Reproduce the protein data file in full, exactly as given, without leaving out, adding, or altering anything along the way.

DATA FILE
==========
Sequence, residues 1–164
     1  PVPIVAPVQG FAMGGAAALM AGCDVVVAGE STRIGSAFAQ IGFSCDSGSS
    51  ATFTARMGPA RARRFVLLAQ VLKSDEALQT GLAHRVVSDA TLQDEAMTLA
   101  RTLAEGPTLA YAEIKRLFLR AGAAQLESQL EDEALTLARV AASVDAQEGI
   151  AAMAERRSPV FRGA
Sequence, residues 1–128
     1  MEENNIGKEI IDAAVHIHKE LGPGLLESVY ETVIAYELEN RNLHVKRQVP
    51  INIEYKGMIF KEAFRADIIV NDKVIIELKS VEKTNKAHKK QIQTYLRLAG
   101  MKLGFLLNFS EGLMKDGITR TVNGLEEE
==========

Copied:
Sequence, residues 1–164
     1  PVPIVAPVQG FAMGGAAALM AGCDVVVAGE STRIGSAFAQ IGFSCDSGSS
    51  ATFTARMGPA RARRFVLLAQ VLKSDEALQT GLAHRVVSDA TLQDEAMTLA
   101  RTLAEGPTLA YAEIKRLFLR AGAAQLESQL EDEALTLARV AASVDAQEGI
   151  AAMAERRSPV FRGA
Sequence, residues 1–128
     1  MEENNIGKEI IDAAVHIHKE LGPGLLESVY ETVIAYELEN RNLHVKRQVP
    51  INIEYKGMIF KEAFRADIIV NDKVIIELKS VEKTNKAHKK QIQTYLRLAG
   101  MKLGFLLNFS EGLMKDGITR TVNGLEEE